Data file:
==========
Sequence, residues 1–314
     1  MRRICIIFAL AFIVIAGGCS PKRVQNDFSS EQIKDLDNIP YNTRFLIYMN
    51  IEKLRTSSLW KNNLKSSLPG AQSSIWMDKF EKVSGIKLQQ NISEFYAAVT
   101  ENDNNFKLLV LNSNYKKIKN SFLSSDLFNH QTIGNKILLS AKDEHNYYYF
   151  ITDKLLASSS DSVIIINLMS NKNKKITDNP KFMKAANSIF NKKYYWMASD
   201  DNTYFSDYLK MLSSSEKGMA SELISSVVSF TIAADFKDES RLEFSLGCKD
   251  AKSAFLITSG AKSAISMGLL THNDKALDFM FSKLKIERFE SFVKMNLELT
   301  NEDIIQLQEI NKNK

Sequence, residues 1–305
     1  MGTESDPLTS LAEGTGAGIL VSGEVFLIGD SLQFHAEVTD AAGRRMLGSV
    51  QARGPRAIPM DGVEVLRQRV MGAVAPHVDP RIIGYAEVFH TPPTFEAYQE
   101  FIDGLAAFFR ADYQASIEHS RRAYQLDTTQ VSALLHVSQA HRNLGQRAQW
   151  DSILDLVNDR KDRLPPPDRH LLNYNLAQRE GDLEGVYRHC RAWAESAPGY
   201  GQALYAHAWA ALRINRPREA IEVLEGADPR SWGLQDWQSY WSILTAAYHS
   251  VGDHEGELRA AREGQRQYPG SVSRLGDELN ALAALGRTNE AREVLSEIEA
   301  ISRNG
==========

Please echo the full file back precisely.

Sequence, residues 1–314
     1  MRRICIIFAL AFIVIAGGCS PKRVQNDFSS EQIKDLDNIP YNTRFLIYMN
    51  IEKLRTSSLW KNNLKSSLPG AQSSIWMDKF EKVSGIKLQQ NISEFYAAVT
   101  ENDNNFKLLV LNSNYKKIKN SFLSSDLFNH QTIGNKILLS AKDEHNYYYF
   151  ITDKLLASSS DSVIIINLMS NKNKKITDNP KFMKAANSIF NKKYYWMASD
   201  DNTYFSDYLK MLSSSEKGMA SELISSVVSF TIAADFKDES RLEFSLGCKD
   251  AKSAFLITSG AKSAISMGLL THNDKALDFM FSKLKIERFE SFVKMNLELT
   301  NEDIIQLQEI NKNK

Sequence, residues 1–305
     1  MGTESDPLTS LAEGTGAGIL VSGEVFLIGD SLQFHAEVTD AAGRRMLGSV
    51  QARGPRAIPM DGVEVLRQRV MGAVAPHVDP RIIGYAEVFH TPPTFEAYQE
   101  FIDGLAAFFR ADYQASIEHS RRAYQLDTTQ VSALLHVSQA HRNLGQRAQW
   151  DSILDLVNDR KDRLPPPDRH LLNYNLAQRE GDLEGVYRHC RAWAESAPGY
   201  GQALYAHAWA ALRINRPREA IEVLEGADPR SWGLQDWQSY WSILTAAYHS
   251  VGDHEGELRA AREGQRQYPG SVSRLGDELN ALAALGRTNE AREVLSEIEA
   301  ISRNG